Separating TikTok’s U.S. operations from the rest within Sept. 15 timeline extremely challenging

According to sources familiar with Microsoft’s timeline to carve out TikTok’s U.S. operations from the rest will be a technically complex endeavor which could test the patience of the U.S. administration.

While Microsoft has until September 15 to piece together a blueprint for an acquisition that safeguards the personal data of Americans stored on TikTok’s micro video sharing app, U.S. President Donald Trump has issued an order banning the app in the event of a no-deal.

Microsoft is negotiating a transition period that will allow it to ringfence TikTok technologically from its parent ByteDance once an agreement is reached.

According to sources, the clean break that Trump and other lawmakers are hoping could take a year or more to come.

Incidentally the video sharing app is technically and functionally similar to ByteDance’s Douyin, a similar product that caters to the Chinese market and shares technical resources with as well as other ByteDance-owned properties, said sources familiar with the matter at hand.

ByteDance had started working on their technological separation several months following scrutiny from the U.S. government, said a source familiar with the process. While the client side of the code has been separated, the server code, shared by ByteDance’s other products still partially shared, said the source. The server code provides basic functionality to the apps including algorithms for moderating and recommending content , data storage, and user profiles management.

According to cyber security expert Ryan Speers from River Loop Security, a company which provides services such as cybersecurity due diligence for deals, in order to ensure uninterrupted service of TikTok, Microsoft will need to rely on ByteDance’s code while reviewing, rivising and move it to a new back-end infrastructure for users.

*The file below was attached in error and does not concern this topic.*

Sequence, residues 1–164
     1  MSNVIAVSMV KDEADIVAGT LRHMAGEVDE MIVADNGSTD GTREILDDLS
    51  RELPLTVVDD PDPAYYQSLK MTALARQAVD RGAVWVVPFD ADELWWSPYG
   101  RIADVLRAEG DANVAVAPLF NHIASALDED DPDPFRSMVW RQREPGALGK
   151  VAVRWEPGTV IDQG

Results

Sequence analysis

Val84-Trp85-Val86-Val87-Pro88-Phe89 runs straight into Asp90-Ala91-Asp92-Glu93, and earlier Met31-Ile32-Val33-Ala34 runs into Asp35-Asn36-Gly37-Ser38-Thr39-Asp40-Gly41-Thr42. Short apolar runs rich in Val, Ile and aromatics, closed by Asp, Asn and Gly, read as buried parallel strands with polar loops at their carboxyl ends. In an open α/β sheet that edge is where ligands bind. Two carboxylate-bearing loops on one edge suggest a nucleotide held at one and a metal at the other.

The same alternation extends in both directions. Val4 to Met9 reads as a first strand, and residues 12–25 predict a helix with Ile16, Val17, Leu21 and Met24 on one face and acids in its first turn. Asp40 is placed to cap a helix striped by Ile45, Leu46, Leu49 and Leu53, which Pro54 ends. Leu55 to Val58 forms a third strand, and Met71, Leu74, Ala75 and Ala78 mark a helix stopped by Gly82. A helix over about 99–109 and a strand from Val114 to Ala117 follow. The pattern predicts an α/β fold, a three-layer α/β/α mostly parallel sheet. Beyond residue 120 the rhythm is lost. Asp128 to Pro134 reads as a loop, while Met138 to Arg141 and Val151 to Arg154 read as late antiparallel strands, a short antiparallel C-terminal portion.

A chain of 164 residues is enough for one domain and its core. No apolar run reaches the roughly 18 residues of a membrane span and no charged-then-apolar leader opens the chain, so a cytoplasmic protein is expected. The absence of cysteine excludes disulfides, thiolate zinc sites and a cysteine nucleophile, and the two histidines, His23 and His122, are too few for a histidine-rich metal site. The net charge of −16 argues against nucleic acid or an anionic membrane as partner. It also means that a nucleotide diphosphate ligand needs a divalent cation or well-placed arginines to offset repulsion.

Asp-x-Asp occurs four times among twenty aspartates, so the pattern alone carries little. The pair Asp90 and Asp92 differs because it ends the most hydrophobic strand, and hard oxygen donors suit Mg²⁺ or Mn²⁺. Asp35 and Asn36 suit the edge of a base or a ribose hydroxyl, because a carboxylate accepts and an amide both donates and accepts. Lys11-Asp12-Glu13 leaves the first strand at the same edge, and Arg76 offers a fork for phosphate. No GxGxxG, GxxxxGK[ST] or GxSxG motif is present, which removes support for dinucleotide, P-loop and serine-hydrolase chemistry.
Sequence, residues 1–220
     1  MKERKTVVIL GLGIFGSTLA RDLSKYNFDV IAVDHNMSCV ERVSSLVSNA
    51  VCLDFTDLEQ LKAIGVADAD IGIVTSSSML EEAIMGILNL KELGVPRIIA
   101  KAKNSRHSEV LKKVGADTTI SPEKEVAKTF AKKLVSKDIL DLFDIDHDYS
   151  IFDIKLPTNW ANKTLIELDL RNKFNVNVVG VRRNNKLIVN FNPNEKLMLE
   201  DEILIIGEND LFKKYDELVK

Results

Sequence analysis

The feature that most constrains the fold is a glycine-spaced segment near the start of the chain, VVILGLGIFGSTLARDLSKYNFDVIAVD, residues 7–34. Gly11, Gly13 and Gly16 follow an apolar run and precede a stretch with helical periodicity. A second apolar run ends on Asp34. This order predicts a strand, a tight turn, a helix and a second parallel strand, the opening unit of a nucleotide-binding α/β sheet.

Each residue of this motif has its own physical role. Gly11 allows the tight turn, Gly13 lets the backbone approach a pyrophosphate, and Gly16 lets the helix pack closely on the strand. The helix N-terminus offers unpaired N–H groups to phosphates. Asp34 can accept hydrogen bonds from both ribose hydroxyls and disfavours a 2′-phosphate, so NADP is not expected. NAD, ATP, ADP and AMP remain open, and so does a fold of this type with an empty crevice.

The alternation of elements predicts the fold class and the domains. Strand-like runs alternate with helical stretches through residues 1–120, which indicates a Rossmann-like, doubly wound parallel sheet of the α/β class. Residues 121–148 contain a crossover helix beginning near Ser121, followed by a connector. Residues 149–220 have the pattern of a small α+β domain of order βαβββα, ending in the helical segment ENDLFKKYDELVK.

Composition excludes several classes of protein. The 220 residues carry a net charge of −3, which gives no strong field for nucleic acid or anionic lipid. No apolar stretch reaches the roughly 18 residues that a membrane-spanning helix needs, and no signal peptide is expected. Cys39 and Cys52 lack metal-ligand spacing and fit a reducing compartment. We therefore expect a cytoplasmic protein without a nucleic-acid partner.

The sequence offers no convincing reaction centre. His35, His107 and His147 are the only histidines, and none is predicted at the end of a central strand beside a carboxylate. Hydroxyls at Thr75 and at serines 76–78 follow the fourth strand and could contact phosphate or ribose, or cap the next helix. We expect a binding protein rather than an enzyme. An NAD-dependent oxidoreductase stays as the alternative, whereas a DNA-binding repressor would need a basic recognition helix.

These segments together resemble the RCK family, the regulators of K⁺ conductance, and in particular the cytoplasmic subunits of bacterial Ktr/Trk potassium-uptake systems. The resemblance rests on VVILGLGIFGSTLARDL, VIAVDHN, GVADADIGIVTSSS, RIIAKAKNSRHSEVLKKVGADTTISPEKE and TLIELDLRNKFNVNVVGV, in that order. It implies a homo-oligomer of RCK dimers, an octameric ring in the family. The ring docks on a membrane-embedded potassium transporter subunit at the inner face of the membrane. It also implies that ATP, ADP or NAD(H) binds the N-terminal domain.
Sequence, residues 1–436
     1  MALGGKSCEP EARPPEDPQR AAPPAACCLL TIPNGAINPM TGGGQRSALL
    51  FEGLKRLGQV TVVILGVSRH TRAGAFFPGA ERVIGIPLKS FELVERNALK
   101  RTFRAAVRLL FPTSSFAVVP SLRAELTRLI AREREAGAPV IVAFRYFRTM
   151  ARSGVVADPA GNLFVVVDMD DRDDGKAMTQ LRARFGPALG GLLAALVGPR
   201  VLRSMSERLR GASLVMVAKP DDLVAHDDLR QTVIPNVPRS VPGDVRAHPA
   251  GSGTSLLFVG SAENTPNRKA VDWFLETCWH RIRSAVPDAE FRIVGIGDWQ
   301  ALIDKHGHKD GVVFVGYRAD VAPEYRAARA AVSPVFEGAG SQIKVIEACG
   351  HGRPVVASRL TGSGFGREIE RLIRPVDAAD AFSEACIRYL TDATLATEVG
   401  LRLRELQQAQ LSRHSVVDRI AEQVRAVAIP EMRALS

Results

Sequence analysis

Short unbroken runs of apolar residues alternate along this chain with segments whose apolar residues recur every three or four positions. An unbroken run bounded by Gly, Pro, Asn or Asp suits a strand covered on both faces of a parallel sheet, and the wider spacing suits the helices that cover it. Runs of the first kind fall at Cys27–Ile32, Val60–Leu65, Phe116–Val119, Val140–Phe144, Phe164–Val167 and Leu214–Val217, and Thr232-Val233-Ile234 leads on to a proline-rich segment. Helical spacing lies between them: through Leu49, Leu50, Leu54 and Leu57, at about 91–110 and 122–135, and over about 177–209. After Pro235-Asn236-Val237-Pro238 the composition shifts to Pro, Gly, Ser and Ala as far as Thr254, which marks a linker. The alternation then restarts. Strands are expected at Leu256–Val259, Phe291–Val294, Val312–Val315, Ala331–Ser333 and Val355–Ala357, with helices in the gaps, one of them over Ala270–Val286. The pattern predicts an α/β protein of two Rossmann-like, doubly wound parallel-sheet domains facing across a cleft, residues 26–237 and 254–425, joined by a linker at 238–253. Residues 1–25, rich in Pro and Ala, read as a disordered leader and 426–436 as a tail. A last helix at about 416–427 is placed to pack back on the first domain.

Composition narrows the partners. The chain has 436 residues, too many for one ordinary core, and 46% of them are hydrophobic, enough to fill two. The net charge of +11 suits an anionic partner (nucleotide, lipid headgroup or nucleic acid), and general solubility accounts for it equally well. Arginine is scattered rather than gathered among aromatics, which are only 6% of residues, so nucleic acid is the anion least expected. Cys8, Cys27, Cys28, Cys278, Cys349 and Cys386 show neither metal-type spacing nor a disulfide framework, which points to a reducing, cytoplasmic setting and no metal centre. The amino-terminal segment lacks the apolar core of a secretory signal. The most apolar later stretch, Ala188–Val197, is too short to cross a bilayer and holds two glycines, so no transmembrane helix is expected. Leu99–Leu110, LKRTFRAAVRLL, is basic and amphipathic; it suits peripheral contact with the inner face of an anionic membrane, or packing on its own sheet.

“Any continuing technical or operational reliance of the U.S. business on the Chinese company after the sale generally would have been unacceptable to the Committee on Foreign Investment in the United States (CFIUS),” said Aimen Mir, former Deputy Assistant Secretary of the Treasury responsible for CFIUS, who is now a partner at the law firm Freshfields Bruckhaus Deringer.

Another challenge facing Microsoft is, how it will transfer TikTok’s recommendation engine that keeps users glued to their screens. This algorithm, powers TikTok’s “For You” page, which recommends the next video to watch based on an analysis of user behavior.

The complication stems from the fact that TikTiok’s recommendation engine is ties intricately to Douyin’s, said two sources familiar with the matter at hand. What makes it tick is the content and user information fed into the algorithm.

“Algorithms are not worth anything without the data,” said Jim DuBois, a former Chief Information Officer at Microsoft. “Segmenting the data for those countries is a significant task.”

Microsoft’s negotiations for the acquisition of the U.S., Canada, New Zealand and Australia operations of TikTok complicates a separation. Not only would TikTok have to be separated from ByteDance, it would have to be broken up from TikTok’s other regions. This adds to the technical challenges because of the amount of data involved.

“The biggest part is separating the user data – both content and data about users,” said DuBois, noting hard disks of data would likely need to be transferred between ByteDance and Microsoft.

The September 15 timeline adds to the pressure and makes the task even more challenging, said Karen C. Hermann, a deal lawyer at Venable LLP:

“It can sometimes take months and months just to identify the business needs of the divested business, what IP and other assets it uses exclusively, and what assets and IP it shares with other businesses in the company group,” said Hermann.

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